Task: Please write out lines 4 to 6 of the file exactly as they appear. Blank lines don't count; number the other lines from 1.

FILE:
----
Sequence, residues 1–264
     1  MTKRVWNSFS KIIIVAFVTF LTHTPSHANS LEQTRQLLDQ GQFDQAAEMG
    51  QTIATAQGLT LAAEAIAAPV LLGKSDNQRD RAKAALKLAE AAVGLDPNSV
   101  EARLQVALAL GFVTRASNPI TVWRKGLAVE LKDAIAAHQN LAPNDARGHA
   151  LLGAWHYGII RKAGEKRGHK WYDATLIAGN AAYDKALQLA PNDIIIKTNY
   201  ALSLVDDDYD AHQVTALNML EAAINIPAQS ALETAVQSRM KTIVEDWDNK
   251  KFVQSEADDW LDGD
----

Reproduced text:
   101  EARLQVALAL GFVTRASNPI TVWRKGLAVE LKDAIAAHQN LAPNDARGHA
   151  LLGAWHYGII RKAGEKRGHK WYDATLIAGN AAYDKALQLA PNDIIIKTNY
   201  ALSLVDDDYD AHQVTALNML EAAINIPAQS ALETAVQSRM KTIVEDWDNK